4. Over-claiming dependents – Boomerang children may not be considered to be dependents for income tax purposes. Just because your adult children have moved back in with you due to loss of a job does not automatically mean you can claim them as dependents. Be sure to check that you are paying for more than 50 percent of their support. Also, make sure no one else is claiming them as dependents.
5. Leaving money off the table – Don’t let the fear of an audit keep you from taking legitimate deductions. Even in this poor economy, many folks are still deathly afraid of an audit, so they refuse to take legitimate deductions, thinking that will curry favor.The fact is auditors assume noncompliance.
If you were chosen for an audit that may very well be the case. But, as long as your books are in order and you hire a tax attorney or CPA to represent you the second you get that first notice from the IRS, an audit really doesn't have to be all that bad. They become the go-between between you and the IRS so you don't have to deal directly with them!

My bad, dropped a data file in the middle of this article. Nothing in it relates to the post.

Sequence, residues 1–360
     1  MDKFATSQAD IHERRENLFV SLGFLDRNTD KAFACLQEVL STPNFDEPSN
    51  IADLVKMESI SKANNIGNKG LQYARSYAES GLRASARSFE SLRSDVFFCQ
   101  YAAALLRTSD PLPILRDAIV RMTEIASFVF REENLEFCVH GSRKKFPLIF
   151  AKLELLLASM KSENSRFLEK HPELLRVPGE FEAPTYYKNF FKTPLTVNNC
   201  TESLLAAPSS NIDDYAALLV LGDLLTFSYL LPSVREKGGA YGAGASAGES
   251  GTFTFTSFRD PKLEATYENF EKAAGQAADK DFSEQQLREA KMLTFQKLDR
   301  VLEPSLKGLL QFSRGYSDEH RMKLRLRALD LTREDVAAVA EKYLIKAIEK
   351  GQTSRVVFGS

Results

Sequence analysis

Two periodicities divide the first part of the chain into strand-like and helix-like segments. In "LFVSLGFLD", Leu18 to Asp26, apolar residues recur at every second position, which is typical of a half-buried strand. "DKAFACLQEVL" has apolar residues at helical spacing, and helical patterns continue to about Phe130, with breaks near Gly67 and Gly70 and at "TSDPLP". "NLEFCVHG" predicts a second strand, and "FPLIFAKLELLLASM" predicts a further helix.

6. Part of unemployment compensation is taxable — Collecting unemployment benefits often causes problems with under-withholding, so don’t fall into this trap.
7. Early withdrawal on IRAs – If circumstances have caused you to withdraw from your IRA early, you can expect penalties. While we have seen withdrawals reduced over the past year, this issue is ongoing, and more people will likely be put in a corner facing an IRS with incredible collection powers if they don’t pay attention to this.
8. Temptation to Use Disreputable Preparer – We strongly advise using a reputable tax preparer. Don’t fall victim to a preparer's promise of a refund that sounds too good to be true. This can be very tempting when you are desperate for cash, but it’s not worth it. This type of preparer should be avoided at all costs. By using their services, you will create a bigger headache for yourself than you ever could have imagined.